defendant,  in the original action.29  Moreover, some third-party
claims  are,  practically speaking, inconsistent  with  a  partys
position  in  the original action and may serve to undermine  it.
Other  third-party  claims may needlessly and unfairly  stress  a
valuable relationship.30
            Hughes  Thorsness also argues that if defendants  are
allowed to bring separate actions the third-party defendant would
be  entitled  to bring in all responsible parties, including  the
original  plaintiff,  and  that  collateral  estoppel  would  not
prevent  the third-party defendant from relitigating  any  issue.
Hughes  Thorsness  is not correct that other  defendants  or  the
plaintiff in the original action would need to become parties  in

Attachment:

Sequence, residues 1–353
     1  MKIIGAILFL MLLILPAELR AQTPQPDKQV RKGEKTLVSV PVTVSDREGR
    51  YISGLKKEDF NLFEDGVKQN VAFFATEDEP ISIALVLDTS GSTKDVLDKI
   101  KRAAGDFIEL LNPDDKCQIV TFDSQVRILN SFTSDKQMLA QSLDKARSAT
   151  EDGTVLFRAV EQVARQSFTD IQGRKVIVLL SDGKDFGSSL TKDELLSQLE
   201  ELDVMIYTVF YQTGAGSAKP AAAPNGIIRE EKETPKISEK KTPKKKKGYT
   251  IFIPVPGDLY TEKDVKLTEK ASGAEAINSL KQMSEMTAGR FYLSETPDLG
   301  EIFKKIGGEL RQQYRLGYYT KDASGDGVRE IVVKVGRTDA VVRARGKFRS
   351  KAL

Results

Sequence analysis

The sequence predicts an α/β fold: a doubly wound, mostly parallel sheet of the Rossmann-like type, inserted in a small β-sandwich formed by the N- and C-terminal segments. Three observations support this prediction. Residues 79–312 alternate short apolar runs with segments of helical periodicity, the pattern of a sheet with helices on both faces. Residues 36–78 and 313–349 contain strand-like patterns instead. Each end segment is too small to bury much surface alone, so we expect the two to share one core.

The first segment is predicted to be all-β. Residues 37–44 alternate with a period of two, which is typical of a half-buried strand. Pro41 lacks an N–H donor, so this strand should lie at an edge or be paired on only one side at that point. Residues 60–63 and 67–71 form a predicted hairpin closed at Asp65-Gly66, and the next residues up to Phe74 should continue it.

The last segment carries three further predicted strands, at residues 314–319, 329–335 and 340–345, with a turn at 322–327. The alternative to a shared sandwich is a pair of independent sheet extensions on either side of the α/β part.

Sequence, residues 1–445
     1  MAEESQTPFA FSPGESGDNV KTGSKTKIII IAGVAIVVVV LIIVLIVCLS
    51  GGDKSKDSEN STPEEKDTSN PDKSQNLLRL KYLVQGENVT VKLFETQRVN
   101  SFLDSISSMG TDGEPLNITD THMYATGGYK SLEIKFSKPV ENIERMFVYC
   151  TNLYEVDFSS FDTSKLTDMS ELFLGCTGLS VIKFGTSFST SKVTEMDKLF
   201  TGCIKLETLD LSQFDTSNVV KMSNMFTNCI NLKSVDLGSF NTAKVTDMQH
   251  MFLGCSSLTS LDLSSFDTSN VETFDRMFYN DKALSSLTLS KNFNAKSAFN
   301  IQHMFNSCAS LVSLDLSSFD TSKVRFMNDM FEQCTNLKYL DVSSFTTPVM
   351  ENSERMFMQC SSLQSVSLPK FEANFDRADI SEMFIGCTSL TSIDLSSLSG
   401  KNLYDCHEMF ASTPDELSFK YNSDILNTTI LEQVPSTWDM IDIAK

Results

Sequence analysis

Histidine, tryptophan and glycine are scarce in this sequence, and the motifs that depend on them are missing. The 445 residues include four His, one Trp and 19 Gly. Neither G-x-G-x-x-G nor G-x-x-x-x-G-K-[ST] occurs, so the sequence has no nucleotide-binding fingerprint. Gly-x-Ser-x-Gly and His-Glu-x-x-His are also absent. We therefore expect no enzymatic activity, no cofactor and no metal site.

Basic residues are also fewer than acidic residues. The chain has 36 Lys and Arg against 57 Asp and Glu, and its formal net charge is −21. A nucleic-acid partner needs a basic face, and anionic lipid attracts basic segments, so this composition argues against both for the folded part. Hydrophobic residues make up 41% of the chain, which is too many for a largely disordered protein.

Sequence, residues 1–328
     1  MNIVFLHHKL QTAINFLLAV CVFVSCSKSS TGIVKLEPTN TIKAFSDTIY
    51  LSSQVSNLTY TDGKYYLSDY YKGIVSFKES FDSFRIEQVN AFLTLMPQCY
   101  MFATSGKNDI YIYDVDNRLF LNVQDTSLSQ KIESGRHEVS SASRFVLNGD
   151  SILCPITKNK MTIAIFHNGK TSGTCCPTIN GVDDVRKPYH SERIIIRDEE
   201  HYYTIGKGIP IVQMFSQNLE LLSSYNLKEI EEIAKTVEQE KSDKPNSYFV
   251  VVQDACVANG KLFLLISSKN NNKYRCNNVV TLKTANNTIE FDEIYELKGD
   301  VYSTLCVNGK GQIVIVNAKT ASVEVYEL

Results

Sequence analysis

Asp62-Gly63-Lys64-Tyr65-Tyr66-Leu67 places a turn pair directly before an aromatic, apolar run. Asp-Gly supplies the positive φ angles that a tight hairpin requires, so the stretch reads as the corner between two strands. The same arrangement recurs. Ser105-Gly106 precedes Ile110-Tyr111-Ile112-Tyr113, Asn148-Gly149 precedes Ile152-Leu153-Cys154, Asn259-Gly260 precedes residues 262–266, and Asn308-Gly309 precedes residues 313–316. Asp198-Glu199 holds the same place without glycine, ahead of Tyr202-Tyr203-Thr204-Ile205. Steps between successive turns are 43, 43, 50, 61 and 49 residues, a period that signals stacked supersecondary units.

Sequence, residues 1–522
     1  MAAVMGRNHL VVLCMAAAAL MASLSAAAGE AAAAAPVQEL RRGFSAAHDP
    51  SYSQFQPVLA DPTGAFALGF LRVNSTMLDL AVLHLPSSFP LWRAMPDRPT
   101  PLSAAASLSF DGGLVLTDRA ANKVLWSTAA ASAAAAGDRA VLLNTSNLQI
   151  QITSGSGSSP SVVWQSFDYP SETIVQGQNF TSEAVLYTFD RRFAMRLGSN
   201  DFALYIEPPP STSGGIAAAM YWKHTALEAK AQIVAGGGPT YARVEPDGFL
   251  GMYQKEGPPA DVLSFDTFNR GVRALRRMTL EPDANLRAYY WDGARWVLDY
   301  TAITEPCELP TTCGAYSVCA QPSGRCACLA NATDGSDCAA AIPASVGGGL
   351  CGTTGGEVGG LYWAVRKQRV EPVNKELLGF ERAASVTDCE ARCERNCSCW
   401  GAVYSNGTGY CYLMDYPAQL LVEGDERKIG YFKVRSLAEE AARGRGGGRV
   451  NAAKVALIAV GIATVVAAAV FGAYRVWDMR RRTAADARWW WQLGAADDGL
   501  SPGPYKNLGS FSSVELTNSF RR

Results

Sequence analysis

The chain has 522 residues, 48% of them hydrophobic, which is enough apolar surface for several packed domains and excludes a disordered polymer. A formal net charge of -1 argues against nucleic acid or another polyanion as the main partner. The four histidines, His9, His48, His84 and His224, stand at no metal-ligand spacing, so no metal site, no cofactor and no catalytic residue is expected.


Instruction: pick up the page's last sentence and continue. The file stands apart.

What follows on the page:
the second action.31  Prior judgments and settlements would not be
disturbed by the second action.32
          But   Hughes  Thorsness  is  correct  that  third-party
defendants will not ordinarily be barred from relitigating  prior
fault  allocations or damages.  While such relitigation will  not
affect the finality of the prior judgment or settlements, it  may
influence what the third-party defendant is required to pay.  The
third-party defendants objective in relitigating fault  would  be
to  show it was either not responsible at all or only responsible
for   a  relatively  low  percentage  of  the  total  fault  that
contributed  to  the loss.  A reassessment of the  fault  of  the
other responsible parties is relevant to this determination.  The
third-party defendant can also minimize its damages by attempting
to  prove  that the plaintiffs damages are lower than the  amount
assessed in the first suit.
          Hughes  Thorsnesss  observation  that  the  third-party